From Democracy Now

On Veterans Day, a new study estimates four times as many US Army veterans died last year because they lacked health insurance than the total number of US soldiers who were killed in Iraq and Afghanistan in the same period. A research team at Harvard Medical School says 2,266 veterans under the age of sixty-five died in 2008 because they were uninsured. We speak to the report’s co-author, Dr. Steffie Woolhandler, professor of medicine at Harvard University and co-founder of Physicians for a National Health Program.

Today is Veteran’s Day. We begin with a new study that estimates four times as many US army veterans died last year because they lacked health insurance than the total number of US soldiers who were killed in Iraq and Afghanistan in the same period. A research team at Harvard Medical School says 2,266 veterans under the age of 65 died in 2008 because they were uninsured.

Their estimates are based on their recently published findings in the American Journal of Public Health that shows how being uninsured raises a person’s odds of dying prematurely by 40 percent. The researchers also found that nearly one and a half million Veterans between the ages of 18 and 64 were uninsured last year.

While most veterans are eligible to receive care from the Veterans Administration, those who were not injured in combat and whose income is above a certain threshold are often ineligible.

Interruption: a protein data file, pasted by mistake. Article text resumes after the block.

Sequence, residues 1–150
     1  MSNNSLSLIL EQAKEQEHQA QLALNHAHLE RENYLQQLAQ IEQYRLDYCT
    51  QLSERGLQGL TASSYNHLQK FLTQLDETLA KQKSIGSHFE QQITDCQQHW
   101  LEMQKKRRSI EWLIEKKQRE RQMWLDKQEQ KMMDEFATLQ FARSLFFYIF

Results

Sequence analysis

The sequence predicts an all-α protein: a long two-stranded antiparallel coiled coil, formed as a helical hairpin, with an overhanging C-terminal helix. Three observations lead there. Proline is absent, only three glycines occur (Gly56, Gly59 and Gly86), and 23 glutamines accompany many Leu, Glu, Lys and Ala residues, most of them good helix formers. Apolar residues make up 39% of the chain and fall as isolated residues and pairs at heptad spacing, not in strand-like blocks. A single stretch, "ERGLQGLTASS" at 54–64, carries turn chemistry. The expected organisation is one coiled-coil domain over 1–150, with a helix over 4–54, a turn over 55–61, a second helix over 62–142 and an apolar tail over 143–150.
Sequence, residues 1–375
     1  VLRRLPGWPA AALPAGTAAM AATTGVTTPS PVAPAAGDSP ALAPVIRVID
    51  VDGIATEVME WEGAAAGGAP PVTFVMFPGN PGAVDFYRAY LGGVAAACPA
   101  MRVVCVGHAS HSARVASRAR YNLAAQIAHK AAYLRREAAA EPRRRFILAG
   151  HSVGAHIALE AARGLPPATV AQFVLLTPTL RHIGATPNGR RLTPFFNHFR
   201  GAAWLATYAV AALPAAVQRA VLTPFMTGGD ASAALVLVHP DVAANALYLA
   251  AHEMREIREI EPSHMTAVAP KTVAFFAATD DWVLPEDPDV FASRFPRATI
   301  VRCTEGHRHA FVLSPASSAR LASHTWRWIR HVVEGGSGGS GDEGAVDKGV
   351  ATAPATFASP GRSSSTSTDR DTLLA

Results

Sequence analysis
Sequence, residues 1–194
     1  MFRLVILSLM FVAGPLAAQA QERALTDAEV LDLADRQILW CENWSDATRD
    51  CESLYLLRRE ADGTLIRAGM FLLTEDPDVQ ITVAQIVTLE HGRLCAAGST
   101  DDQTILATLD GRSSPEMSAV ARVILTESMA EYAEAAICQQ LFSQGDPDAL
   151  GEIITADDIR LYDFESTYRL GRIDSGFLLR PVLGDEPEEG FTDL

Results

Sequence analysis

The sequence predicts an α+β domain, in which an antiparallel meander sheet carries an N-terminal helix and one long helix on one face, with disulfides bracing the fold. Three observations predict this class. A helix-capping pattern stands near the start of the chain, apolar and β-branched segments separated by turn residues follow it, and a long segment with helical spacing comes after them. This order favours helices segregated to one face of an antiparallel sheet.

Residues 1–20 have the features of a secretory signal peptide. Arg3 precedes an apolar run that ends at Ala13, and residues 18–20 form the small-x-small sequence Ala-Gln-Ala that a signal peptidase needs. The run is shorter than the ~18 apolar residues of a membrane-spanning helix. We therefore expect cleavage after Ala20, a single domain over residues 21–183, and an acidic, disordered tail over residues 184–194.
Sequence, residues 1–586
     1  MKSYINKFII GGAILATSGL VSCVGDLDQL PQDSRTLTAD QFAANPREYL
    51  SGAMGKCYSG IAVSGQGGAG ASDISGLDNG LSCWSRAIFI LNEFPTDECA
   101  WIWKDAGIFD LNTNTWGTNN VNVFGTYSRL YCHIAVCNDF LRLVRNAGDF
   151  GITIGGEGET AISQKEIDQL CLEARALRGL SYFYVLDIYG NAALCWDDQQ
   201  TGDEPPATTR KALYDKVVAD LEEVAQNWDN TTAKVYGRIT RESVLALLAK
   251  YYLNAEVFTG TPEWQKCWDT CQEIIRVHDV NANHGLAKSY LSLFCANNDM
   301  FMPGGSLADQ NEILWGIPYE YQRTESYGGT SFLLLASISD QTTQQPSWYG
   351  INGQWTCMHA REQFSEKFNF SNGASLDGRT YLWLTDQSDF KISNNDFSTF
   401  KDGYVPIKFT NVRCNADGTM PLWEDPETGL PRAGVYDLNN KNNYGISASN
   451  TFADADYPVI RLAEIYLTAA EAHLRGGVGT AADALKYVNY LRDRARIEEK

The report’s authors say the health care legislation pending in the House and Senate will not significantly improve the situation.

Co-Author of the report Dr. Steffie Woolhandler joins me now here in New York. She is professor of medicine at Harvard University and a primary care physician in Cambridge. She is also a co-founder of Physicians for a National Health Program and testified about uninsured veterans before Congress in 2007.

Dr. Steffie Woolhandler, professor of medicine at Harvard University and a primary care physician in Cambridge. She is also a co-founder of Physicians for a National Health Program. She testified about uninsured veterans before Congress in 2007.

8 Comments

  1. John Barker on November 13, 2009 at 12:42 pm

    I’m missing something. Isn’t health care a benefit of being a veteran?



    • Rebecca on November 20, 2009 at 3:15 pm

      As stated above in this article…”While most veterans are eligible to receive care from the Veterans Administration, those who were not injured in combat and whose income is above a certain threshold are often ineligible.” As a veteran, you “used” to be able to receive medical care from the VA even if you did not meet their low-income requirements, all you had to do was pay a minimal co-pay; however, Secretary Shinseki has recently (believe it was in June or July of this year)suspended that option. Now you MUST income qualify to receive medical care, if you do not have a service related disabilty/injury.Unfortunately, our nation is not caring for our veterans to the capacity that it should be.



  2. Dana on November 21, 2009 at 7:58 am

    @John, the article addresses issues of eligibility. A greater issue IME is the issue of access. The VA does not provide health insurance, it provides care at its clinics and hospitals, which may be hundreds of miles from a veteran’s home.



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  6. Act now on August 12, 2013 at 6:03 pm

    IT IS A DISGRACE THAT OUR VETERANS THAT HAVE RISKED THEIR VERY LIVES FOR ARE COUNTRY ARE BEING ABANDONED! REGARDLESS OF THEIR INCOME THE UNITED STATES OWES THEM FAR AND BEYOND! THIS IS THE WAY OUR HERO’S ARE TREATED? IT IS SHAMEFUL! AMERICA IS BETTER THAN THIS! ALL OF OUR CITIZENS NEED THE BASIC HUMAN RIGHT LIKE HEALTHCARE, ESPECIALLY OUR VETERANS……



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